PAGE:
Solid Waste & Recycling

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Taking on Packaging

It's said that the first "R" in the waste management hierarchy is "reduction" but few follow that thought with the starting point: packaging. In January 2001, when I first started my journey of solid ...


It’s said that the first “R” in the waste management hierarchy is “reduction” but few follow that thought with the starting point: packaging. In January 2001, when I first started my journey of solid waste discovery, one of the first fortunate things I read was Rubbish by William Rathje. If you have not already done so, I strongly suggest you read this entertaining and highly informative book.

Among several points the book brought into focus for me is that waste isn’t about tons or percentages but, instead, roughly 60 fairly simple categories of items. Understand waste composition and the solutions, as I like to say, fall like rain from the sky.

It’s actually quite simple.

Slightly more than 40 per cent of municipal solid waste is recyclable (e. g., wood fibres and containers made from glass, metal, or plastic). A very similar per centage is organic material (food scraps and leaf & yard waste). Therefore, 80 to 85 per cent of the waste stream is comprised of just these two recyclable or compostable material streams, that we discard each and every day.

It makes sense to start our waste reduction effort on the recyclable stream and, in particular, containers (more specifically: plastic containers). The public agrees. In the past 7.5 years I’ve never gone to a discussion on municipal waste where the issue of packaging has not arisen. Residents want action.

We could quite easily reduce the packaging portion of the waste stream, lower greenhouse gas emissions and limit climate change. We would also save money. In his book The No Nonsense guide to Climate Change, author Dinyar Godrej reveals that the average American consumer pays $225 per year or four per cent of their total purchases for product packaging. Roughly calculated that’s over $400 in pre-tax Canadian dollars per consumer per year. Further, it’s said that landfills get fat, not heavy. The burying of bulky yet lightweight material wastes valuable landfill space.

Such appears to be the thinking of the City of Toronto, which recently held a Packaging Reduction Forum to gain stakeholder input. (See item, page 37). Yet when one see the city’s list of priority items, litter seems to be the main focus.

Toronto has targeted hot drink cups (why not cold as well?), single-use plastic bags (SUPBs) and take-out food containers. It appears to me at first blush that going after “in-store” packaging (i. e., filled at the store) instead of “factory” packaging (i. e., packaged at a central location), the city has missed the boat on one immense source of EPS packaging: meat/ vegetable trays and egg cartons. (See photos page 38.). (Not to mention the truckloads of EPS used for shipping TV’s and other items.)

The big problem that few people appear to understand is that plastics are derived from the “waste” by-products of the cracking of oil for gasoline, diesel, and aviation fuel, etc. The reason we have so much plastic is because we’re cracking so much oil. The oil companies no doubt wish to keep this source of valuable revenue flowing.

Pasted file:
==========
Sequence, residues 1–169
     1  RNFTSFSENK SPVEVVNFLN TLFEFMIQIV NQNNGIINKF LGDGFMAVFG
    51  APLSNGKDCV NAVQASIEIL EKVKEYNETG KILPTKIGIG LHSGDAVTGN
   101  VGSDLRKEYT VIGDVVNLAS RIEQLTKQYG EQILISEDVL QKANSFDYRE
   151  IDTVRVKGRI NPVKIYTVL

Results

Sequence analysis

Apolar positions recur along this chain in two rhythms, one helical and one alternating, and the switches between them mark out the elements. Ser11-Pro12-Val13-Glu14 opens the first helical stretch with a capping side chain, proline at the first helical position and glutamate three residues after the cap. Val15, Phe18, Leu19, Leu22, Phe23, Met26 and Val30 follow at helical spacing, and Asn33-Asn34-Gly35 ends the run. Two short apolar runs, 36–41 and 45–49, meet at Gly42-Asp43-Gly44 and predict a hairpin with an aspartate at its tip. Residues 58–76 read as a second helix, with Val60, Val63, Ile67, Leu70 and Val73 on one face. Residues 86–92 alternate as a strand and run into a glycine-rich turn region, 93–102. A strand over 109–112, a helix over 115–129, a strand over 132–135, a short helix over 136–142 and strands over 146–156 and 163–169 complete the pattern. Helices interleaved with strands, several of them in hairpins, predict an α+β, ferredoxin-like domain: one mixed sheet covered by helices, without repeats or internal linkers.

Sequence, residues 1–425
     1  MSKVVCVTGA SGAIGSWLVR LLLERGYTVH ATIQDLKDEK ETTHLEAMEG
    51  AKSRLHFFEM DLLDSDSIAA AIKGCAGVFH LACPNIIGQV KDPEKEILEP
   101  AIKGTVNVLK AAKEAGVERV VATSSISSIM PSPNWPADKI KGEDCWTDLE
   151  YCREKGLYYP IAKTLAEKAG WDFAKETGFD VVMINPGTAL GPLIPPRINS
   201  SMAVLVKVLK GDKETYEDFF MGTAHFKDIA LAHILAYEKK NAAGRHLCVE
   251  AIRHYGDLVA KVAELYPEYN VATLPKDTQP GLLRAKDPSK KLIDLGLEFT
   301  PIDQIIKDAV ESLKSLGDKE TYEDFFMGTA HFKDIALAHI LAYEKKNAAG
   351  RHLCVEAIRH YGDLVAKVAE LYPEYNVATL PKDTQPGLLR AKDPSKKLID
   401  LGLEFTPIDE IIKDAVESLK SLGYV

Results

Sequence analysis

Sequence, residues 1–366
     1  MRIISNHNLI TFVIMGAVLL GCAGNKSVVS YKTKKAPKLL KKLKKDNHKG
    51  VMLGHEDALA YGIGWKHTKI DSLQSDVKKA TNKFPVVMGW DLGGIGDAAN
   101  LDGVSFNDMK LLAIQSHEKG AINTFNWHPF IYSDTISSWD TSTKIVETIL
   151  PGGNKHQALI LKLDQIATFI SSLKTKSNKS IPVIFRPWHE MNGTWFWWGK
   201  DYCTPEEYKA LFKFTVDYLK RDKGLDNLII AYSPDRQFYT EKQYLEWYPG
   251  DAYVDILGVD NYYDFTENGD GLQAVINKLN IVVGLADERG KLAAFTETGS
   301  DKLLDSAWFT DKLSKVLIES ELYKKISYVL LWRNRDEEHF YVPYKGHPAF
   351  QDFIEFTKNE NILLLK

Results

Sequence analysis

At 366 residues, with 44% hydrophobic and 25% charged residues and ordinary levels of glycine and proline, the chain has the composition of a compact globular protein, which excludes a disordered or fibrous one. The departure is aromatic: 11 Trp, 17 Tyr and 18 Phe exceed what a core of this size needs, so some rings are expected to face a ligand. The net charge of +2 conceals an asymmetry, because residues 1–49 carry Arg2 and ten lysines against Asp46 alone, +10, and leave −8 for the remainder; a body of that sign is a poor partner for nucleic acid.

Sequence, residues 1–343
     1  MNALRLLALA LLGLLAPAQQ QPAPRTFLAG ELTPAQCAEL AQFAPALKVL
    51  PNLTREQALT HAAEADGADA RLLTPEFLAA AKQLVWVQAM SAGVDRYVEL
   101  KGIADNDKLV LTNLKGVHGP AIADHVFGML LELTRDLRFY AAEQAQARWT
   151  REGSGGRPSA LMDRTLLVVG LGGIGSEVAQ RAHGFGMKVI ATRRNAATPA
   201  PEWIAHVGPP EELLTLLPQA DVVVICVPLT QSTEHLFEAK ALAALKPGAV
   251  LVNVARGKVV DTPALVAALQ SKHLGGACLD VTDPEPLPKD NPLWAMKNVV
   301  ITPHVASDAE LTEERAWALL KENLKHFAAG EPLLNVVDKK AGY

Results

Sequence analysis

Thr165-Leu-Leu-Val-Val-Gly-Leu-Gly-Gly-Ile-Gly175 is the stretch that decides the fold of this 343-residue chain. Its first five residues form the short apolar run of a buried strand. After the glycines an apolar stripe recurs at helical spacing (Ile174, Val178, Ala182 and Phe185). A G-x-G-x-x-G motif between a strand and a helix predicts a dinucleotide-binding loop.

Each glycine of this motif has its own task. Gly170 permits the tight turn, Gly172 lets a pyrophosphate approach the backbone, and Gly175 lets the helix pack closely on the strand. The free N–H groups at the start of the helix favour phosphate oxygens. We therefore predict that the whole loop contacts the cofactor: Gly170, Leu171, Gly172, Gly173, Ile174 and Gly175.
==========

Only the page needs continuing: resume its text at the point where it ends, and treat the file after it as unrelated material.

Bags

On the issue of SUPBs, levies are in place in much of Europe and are gaining ground throughout other parts of the world, resulting in a signifi cant reduction in bag use. (See article, page 32.)

In North America progress is somewhat slower. While San Francisco and Oakland have bans, the City of Los Angeles recently voted only to ban plastic shopping bags (by 2010) if a statewide levy is not in place. LA staff estimate that the population of 3.85 million consumes 2.3 billion plastic bags per year. In Seattle, an eco-fee of 20 cents on both plastic and paper is going to a city -wide referendum after being opposed by the grocery industry and certain trade organizations.

Using the City of Toronto’s population of 2.45 million, it’s likely that residents consumer 1.5 billion bags annually (or over 400,000 bags per day). Returning to San Francisco, staff there recently calculated the cost to collect and process plastic bags at $4,000 per ton!

Interestingly, the lower price grocery chains in Ontario (No Frills, Price Chopper and Food Basics) all already charge five cents per bag. To extend this price to higher-end Loblaws, Sobey’s and IGA stores should not be difficult.

What else can be done? I personally don’t see many soccer moms purchasing 24-bottled-water skids, then driving down the road pitching the empties from their minivans. I can’t say the same for 25-year-old male construction workers on their lunch break. At the provincial level what’s needed is a deposit-refund system not so much for chains like Loblaws but more for the 7-11 type of store.

At the federal level the only hope we have against imports from overseas is Canada-wide regulations on packaging. The Sierra Club of Canada is one of the stakeholders in the current CCME work on EPR/ Packaging. What we would like to see is this: limits on the amount of packaging (the first R being reduction); standardization of packaging types (to facilitate recycling); the elimination of PVC and other toxins (the last things you want to burn) and, finally, maximum amount of recyclable content (to stimulate recycling markets).

Rod Muir is Waste Diversion Campaigner for Sierra Club Canada and founder of Waste Diversion Toronto in Toronto, Ontario. Contact Rod at rodmuir@sympatico.ca

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“I personally don’t see many soccer moms purchasing 24-bottled-water skids, then driving down the road pitching the empties from their minivans.”


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